Texas Refuses to Grant Same-Sex Divorce
Until this country comes to some consensus on same-sex marriage, and the states adopted uniform laws on the subject (or laws that are at least as uniform as those governing opposite-sex marriage), state courts are going to be faced with a confounding problem: if a same-sex couple gets married in a state that recognizes such unions, what happens if they move to a state that doesn’t recognize them, and then want to get divorced?
Well, in Texas at least, the answer is “you can’t.” A same-sex couple married in another state, and then moved to Austin. They had adopted a child, and owned a business together, which needed to be apportioned between them.
Texas doesn’t currently recognize same-sex unions in any form. However, there’s a big difference between granting a same-sex marriage, and ending one. It would seem that a state opposed to same-sex marriage would have no problem ending one. But, the Court’s reasoning went, a divorce is the dissolution of a valid marriage. Since the marriage wasn’t valid under Texas law, no divorce could be granted.
This seems to leave the couple in a bizarre position where they are not legally married, but saddled with many of the legal issues that come with being married, and they cannot end their non-marriage under the laws of the state in which they reside. I’m sure Schrodinger’s Cat can sympathize.
I think that this is a very unfortunate situation – it puts couples in a state of legal limbo that can be difficult to untangle. Now, as much as I’d like to see marriage equality equalized nationwide, I recognize that, for the time being, states are free to decide if they wish to recognize same-sex marriages.
At the same time, one of the most basic freedoms that American citizens enjoy is the freedom to move about the country at will, without significant legal impediments. Obviously, the State of Texas didn’t actively stop this couple from moving there, nor could they. If they had tried, I’m sure we’d be having a totally different conversation.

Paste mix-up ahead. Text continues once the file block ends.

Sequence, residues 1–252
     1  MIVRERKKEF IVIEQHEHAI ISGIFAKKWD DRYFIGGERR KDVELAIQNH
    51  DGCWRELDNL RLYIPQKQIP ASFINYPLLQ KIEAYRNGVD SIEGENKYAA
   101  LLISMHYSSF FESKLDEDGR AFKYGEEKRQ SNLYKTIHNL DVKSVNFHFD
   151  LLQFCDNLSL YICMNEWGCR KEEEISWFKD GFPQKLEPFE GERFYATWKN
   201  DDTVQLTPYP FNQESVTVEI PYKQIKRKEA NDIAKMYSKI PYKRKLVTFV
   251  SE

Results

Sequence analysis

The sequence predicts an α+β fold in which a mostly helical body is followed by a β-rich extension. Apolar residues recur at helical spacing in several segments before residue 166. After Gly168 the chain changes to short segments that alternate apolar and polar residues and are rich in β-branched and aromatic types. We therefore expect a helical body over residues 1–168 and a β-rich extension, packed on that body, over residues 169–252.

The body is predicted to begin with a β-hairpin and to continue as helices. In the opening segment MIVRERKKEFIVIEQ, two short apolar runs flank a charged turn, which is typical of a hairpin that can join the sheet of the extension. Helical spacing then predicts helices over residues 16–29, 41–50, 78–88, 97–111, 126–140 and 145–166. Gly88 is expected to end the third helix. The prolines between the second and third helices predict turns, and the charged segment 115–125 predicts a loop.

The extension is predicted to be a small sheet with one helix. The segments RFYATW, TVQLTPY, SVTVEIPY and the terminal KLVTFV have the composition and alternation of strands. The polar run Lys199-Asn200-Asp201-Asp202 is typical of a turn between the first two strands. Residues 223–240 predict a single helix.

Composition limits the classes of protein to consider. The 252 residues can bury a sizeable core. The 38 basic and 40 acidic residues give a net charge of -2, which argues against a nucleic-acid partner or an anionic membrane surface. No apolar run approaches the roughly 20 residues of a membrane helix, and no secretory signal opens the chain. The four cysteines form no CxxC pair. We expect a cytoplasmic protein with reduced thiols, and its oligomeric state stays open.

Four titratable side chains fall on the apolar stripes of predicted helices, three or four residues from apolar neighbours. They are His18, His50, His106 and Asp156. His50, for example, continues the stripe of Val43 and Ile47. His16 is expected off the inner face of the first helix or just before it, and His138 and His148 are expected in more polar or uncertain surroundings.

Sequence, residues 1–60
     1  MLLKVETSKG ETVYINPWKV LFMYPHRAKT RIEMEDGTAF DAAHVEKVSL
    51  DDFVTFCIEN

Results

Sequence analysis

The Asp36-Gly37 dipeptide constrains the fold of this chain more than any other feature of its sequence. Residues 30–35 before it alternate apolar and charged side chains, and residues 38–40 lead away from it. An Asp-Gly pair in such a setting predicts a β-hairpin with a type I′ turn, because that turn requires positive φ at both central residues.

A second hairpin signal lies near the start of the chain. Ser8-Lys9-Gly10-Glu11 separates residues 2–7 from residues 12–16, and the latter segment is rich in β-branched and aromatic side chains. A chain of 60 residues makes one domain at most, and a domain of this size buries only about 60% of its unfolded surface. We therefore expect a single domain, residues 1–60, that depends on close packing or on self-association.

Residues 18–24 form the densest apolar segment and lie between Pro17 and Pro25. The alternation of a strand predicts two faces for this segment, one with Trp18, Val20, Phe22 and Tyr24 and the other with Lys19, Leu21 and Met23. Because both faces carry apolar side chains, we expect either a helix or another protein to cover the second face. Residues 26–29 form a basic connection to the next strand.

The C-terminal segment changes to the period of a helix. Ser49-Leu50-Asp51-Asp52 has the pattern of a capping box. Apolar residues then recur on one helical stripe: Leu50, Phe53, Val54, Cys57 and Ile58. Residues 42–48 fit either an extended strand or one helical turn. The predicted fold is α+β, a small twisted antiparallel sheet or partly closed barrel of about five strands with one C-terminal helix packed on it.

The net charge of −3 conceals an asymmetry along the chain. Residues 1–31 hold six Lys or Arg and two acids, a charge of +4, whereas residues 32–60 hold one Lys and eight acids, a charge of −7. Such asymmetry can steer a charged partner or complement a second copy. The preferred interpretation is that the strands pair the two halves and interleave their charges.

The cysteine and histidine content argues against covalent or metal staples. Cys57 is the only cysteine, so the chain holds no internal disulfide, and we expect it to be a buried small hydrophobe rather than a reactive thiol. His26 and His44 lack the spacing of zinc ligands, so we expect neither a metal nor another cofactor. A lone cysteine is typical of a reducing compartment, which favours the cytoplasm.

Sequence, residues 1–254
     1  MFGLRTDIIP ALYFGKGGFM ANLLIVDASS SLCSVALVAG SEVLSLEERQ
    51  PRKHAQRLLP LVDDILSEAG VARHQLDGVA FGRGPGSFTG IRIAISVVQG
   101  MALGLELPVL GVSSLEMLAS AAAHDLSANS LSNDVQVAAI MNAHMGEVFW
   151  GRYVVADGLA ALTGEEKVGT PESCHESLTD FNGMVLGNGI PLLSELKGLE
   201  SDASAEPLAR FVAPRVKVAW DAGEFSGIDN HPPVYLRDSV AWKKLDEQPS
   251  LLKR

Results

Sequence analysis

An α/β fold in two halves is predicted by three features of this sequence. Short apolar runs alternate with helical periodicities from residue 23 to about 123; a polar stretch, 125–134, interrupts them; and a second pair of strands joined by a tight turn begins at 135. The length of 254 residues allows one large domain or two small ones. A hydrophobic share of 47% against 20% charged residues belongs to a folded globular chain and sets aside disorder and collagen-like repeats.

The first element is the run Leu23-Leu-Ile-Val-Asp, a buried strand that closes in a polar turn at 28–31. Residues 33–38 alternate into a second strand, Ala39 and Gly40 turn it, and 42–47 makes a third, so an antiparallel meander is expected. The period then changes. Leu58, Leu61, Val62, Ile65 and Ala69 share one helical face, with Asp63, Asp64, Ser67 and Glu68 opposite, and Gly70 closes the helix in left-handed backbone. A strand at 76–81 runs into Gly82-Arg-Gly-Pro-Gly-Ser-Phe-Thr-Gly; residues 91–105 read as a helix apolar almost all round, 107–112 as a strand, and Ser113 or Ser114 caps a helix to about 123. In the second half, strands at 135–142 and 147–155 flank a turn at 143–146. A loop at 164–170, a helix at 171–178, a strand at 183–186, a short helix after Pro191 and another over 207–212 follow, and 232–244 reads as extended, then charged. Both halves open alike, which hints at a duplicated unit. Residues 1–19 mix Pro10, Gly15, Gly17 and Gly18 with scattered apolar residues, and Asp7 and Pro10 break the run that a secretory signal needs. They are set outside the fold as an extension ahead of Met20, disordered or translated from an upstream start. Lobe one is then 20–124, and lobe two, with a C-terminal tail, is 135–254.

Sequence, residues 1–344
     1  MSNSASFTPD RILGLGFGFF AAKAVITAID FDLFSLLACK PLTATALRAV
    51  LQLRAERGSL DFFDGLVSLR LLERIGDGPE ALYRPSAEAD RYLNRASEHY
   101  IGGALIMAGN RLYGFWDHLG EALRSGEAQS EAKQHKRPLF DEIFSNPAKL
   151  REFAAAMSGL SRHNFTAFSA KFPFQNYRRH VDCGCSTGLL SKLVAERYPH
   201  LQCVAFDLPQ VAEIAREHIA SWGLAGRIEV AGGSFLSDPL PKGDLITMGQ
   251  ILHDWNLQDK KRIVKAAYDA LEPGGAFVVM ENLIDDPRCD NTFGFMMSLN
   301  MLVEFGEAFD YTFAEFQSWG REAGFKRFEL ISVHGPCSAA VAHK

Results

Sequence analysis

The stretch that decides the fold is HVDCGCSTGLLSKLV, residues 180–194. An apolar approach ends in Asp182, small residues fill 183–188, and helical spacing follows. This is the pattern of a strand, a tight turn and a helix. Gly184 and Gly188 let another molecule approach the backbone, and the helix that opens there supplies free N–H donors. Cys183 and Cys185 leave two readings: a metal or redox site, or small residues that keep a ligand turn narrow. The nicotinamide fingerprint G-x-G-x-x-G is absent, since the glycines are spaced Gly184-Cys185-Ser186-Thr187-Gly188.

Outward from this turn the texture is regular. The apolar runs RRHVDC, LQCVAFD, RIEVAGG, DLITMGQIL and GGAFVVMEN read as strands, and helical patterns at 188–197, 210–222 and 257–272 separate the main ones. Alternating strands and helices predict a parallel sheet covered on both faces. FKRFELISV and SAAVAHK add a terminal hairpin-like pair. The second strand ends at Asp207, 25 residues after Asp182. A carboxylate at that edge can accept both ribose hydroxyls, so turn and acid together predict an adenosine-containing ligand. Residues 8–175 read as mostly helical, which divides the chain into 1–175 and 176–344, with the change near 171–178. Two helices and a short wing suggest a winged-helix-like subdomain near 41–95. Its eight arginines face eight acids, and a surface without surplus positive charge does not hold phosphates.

However, refusing to grant divorces to a significant portion of the population certainly puts up practical barriers to the right to travel, which most of us take for granted. And considering the fact that people usually have very compelling reasons for moving to a different part of the country (school, a new job, family obligations, etc.), these impediments can make a person’s life very difficult.
As a practical matter, it might be easier for everybody involved if states would simply grant divorces to same-sex couples, even if they don’t grant same-sex marriages.
After all, if a state government is, for whatever reason, morally opposed to same-sex marriage, it seems like they would be over the moon at the opportunity to strip a same-sex marriage issued in another state of its legal effect. On the other hand, they might view granting same-sex divorces as giving some legitimacy under their own laws to marriages which they can’t recognize under their own laws.
There are already a few states that don’t grant same-sex marriages, but do recognize those performed out of state, including California (for those performed before Prop. 8 was passed), Maryland, Rhode Island, and New York. These states, presumably, will also grant divorces to same-sex couples married elsewhere under the same terms they’d grant divorces to opposite-sex couples.
Now, one could simply argue that the couple could just file for divorce in the state in which they were married. And that’s certainly true. But why should a couple have to incur the expense and inconvenience of traveling (possibly) thousands of miles, just to exercise a basic legal right that almost every other resident of a state is entitled to?
Being realistic, I recognize that it will probably be a long time before every state (or even a majority of states) has legalized same-sex marriage. However, states could make everybody’s life easier if they’d grant divorces to same-sex couples married in other states our countries. After all, courts would be able to collect more filing fees, family lawyers would have more work, and same-sex couples wishing to end their marriages would be able to divide their property and other assets in an orderly manner, allowing them to move on with their lives, and likely make use of that property which is far more economically efficient than (for example) spending a few years fighting over it.